Some fear that Gen Z is raised by their phones more than by their parents, and that their social-media heavy lifestyles might give them feelings of insecurity, anxiety, and depression, an easily observable trend in today’s young people. Those who are introduced to youth hunting, however, are more likely to grow up with a set of values they learned bonding with mom and dad in the great outdoors.

The cardinal sin of sloth is ever-present in American society across all ages. For kids and teenagers, its effects are far more pronounced. As people who don’t need jobs, kids are content to sit around on their video game consoles and veg out.

A hunt, however, is an exercise of both mind and body. “Youth hunting” was a rite of passage for our ancestors. The hunters of the Masai – to this day – are considered to be true men only when they are able to kill a lion with a spear, and in ancient Greece, boys would go on two-month-long hunting trips, which was considered a rite of passage into adulthood for all men in the aristocracy.

Modern American society has no rites of adulthood per se, but to a kid that’s raised on venison and game meat, it’s when they’re the ones bringing the meat from the field to the table. A good hunter should know how to field dress their kills just as much as they should know how to field strip their rifles. If this skill is picked up while young and honed as a person grows into adulthood, it could be a viable, even healthier alternative to picking up meat for the family at the grocery store.

Besides, if SHTF and the United States suffers from a societal breakdown, someone who’s been hunting from childhood is definitely a valuable member to have. Not only would this person be an accomplished marksman, but he or she would also be familiar with the wilderness, and depending on how accomplished of a hunter he or she is, would be able to track, skin, and prepare game.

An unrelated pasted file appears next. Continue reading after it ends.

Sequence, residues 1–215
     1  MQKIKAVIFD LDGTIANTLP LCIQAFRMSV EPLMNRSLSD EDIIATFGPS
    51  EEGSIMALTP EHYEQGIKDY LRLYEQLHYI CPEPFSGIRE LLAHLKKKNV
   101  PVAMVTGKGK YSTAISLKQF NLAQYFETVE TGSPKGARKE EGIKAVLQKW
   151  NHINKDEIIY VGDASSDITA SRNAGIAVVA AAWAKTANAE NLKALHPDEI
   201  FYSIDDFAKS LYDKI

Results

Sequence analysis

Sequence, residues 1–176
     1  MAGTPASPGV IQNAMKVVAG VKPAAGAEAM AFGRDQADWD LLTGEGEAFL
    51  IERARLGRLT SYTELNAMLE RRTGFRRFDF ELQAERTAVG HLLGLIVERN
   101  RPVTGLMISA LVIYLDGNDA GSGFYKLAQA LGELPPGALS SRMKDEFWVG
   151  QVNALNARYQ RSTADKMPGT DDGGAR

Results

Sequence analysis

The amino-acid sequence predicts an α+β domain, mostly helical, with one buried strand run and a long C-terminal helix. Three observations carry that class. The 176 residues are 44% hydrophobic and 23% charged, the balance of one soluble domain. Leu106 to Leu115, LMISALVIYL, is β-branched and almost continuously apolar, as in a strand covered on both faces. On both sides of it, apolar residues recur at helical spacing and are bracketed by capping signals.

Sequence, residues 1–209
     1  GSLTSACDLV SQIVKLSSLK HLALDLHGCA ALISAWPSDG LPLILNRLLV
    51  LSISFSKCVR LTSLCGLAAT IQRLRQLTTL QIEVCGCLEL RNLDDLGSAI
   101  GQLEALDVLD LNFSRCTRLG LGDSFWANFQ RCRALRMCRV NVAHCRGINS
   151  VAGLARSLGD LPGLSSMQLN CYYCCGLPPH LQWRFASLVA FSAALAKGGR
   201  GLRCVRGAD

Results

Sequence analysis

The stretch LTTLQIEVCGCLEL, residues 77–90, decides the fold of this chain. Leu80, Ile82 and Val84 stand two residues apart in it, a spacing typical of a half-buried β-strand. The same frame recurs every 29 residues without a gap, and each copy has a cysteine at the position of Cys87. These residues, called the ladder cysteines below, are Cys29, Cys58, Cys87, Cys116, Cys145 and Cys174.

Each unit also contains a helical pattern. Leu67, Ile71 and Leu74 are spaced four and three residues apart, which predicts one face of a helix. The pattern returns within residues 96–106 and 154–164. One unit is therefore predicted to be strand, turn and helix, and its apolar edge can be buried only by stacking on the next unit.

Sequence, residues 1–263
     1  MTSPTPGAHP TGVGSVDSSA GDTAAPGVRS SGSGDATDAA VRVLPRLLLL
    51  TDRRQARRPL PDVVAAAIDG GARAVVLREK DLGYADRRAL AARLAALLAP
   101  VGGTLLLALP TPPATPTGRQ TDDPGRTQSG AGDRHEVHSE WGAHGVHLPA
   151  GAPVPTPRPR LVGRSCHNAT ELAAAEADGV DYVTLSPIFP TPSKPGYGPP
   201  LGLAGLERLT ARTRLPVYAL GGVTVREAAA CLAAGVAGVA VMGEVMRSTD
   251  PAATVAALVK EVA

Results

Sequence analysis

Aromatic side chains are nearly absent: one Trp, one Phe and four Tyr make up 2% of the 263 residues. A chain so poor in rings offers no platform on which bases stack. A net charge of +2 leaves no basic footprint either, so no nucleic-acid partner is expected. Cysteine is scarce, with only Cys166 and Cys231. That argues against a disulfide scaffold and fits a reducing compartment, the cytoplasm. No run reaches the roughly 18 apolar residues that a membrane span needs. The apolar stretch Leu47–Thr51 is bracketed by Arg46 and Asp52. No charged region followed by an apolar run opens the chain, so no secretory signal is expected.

Youth hunting also teaches the values of patience and respect at a young age. It’s hard for some kids to stay off their phones for more than fifteen minutes, but if you let them simply sit still and absorb the beauty of nature around them, some of them might think it’d be pretty cool to get a break from all the mental stimulation.

Putting a rifle in the hand of a little girl may help her develop a toughness that many city boys don’t even have. Children of either gender will also get to experience a bond with their parents with the excitement that only a hunt can offer.

Weapons, especially firearms, come with the territory of hunting. Most youth hunting begins with the tiny crack of the gentle .22LR, which gives way to larger calibers later on in life. From the time they’re knee high, young hunters are taught how to safely handle firearms and how to respect their weapons. This opens the gateway to using weapons for self-defense, which might in turn lead to fostering the value of personal courage, something sorely lacking in today’s generation.

When a child upgrades from a .22LR to a big boy rifle as large as a .270 Winchester, that might be more kick than a kid can handle. However, with a Kopfjager tripod and reaper grip, children will have no problems shooting calibers as high as .308 to take down game as big as an elk.

Kopfjäger grips and tripods help absorb recoil of even the highest calibers, making shooting easier and more enjoyable for even small children. With a Kopfjäger system, a youth hunter can focus on the fundamentals like proper grip, breathing, cheek position and trigger control without having to worry about fearing the recoil, ensuring a fun and safe hunting experience that will hopefully remain a fond memory forever.

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